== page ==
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Retirement Accounts for Self -Employed Individuals


By The Human Interest Team

Editorial Policy

As a self-employed individual, you get the flexibility of choosing your own work hours and schedule. However, since there is no employer involved, you need to plan for your retirement on your own. No matter how difficult it is, you should set aside some money for the future. Once you determine the amount you need to save each year, you can decide how and where to invest that money.

Which Retirement Plan Is Best for the Self-Employed?

The main retirement accounts for self-employed individuals include the following:

  • Traditional and Roth Individual Retirement Accounts (IRAs).

  • A solo 401(k) plan.

  • A Simplified Employee Pension or SEP IRA.

  • A Savings Incentive Match Plan for Employees or SIMPLE IRA.

  • A defined benefit plan.

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Traditional and Roth IRAs

If your annual savings are below $6,000, a traditional IRA or a Roth IRA might be your best option. If you worked for a company previously, you can rollover your existing 401(k) account to an IRA. The contribution limits in an IRA are relatively lower than other options, but you stand to get tax benefits. The contribution limit for 2020 is $6,000 (same as 2019). You can make an additional contribution of $1,000 if you are 50 years or older.

In the case of a traditional IRA, you qualify for a tax deduction for the number of contributions made during the year, but the withdrawals are taxable and added to your taxable income. It’s just the opposite in the case of a Roth IRA: You contribute from your post-tax income, and the withdrawals are tax-free.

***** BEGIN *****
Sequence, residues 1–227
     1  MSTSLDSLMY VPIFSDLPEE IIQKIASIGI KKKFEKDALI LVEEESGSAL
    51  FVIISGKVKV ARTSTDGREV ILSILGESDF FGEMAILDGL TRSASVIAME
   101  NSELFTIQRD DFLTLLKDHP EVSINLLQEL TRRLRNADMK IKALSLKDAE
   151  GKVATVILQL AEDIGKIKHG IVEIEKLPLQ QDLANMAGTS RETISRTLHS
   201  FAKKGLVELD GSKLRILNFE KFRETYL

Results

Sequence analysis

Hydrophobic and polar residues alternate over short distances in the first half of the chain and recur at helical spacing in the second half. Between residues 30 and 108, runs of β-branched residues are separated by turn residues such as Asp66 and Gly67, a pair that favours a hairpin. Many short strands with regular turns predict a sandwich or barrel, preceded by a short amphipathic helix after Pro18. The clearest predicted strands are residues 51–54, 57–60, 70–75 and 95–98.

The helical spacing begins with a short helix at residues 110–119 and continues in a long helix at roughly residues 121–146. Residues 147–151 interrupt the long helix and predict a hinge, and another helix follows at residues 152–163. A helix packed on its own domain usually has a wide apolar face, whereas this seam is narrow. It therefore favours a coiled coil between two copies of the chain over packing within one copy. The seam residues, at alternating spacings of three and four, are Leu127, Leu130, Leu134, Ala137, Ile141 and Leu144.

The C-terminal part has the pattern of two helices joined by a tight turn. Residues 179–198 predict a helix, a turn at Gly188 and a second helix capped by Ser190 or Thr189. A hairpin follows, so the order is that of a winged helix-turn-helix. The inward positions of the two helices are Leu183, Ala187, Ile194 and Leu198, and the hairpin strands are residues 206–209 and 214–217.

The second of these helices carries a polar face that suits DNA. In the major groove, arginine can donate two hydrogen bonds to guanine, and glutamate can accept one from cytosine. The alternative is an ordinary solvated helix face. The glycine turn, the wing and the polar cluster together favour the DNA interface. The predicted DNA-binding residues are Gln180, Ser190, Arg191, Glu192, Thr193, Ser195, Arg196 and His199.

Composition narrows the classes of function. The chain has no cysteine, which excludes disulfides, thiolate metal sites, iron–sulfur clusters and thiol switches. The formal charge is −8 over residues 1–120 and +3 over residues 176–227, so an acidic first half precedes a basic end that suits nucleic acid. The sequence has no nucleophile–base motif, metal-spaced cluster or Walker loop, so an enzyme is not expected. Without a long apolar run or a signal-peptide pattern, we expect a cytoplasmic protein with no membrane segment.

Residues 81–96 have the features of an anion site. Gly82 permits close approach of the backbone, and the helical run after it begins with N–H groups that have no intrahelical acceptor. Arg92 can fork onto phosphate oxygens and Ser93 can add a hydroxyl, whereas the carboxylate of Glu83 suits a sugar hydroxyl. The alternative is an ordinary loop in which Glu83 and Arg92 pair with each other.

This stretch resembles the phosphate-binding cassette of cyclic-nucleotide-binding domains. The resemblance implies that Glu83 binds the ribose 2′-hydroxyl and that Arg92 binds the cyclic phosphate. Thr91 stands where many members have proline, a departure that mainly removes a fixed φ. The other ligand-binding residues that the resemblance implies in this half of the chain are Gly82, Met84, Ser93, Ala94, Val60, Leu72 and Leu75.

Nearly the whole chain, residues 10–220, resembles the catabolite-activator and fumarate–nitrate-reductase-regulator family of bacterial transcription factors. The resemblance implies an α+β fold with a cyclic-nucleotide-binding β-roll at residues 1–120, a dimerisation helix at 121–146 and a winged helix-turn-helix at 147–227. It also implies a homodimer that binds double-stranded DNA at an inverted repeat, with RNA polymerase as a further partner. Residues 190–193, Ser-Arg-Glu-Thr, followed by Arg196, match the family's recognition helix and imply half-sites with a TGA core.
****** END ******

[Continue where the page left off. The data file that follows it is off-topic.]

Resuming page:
Both of these are individual retirement plans. If your employees want to set up either of these accounts, they can do so through a brokerage firm.

Solo 401(k): The Best Retirement Plan for Self-Employed Without Employees 

If you do not have any employees other than your spouse, a solo 401(k) plan might be your best choice.

The contribution limit for a solo 401(k) account is $57,000 for 2020. If you are 50 years or older, you can contribute an additional catch-up amount of up to $6,000 to the extent it does not exceed your total annual income.

You can make two contributions in the capacity of an employee and an employer. The contributions made as an employee work the same way they do in a traditional 401(k) plan set up by an employer. You can contribute up to the entire amount of your compensation to the extent it does not exceed $20,500 (plus a catch-up contribution of $6,000). As an employer, you can contribute another 25% of your compensation.

The tax implications of a solo 401(k) plan are also similar to those of a traditional 401(k) plan. You can deduct the contributions from your taxable income, but the distributions are taxable.

You do not qualify for a solo 401(k) account if you have employees. The only exception to this rule is hiring your spouse.

You can set up a solo 401(k) account online with a brokerage firm. Once your account balance reaches $250,000, you must file documents with the Internal Revenue Service (IRS).

SEP IRA: Best Pension Options for Self-Employed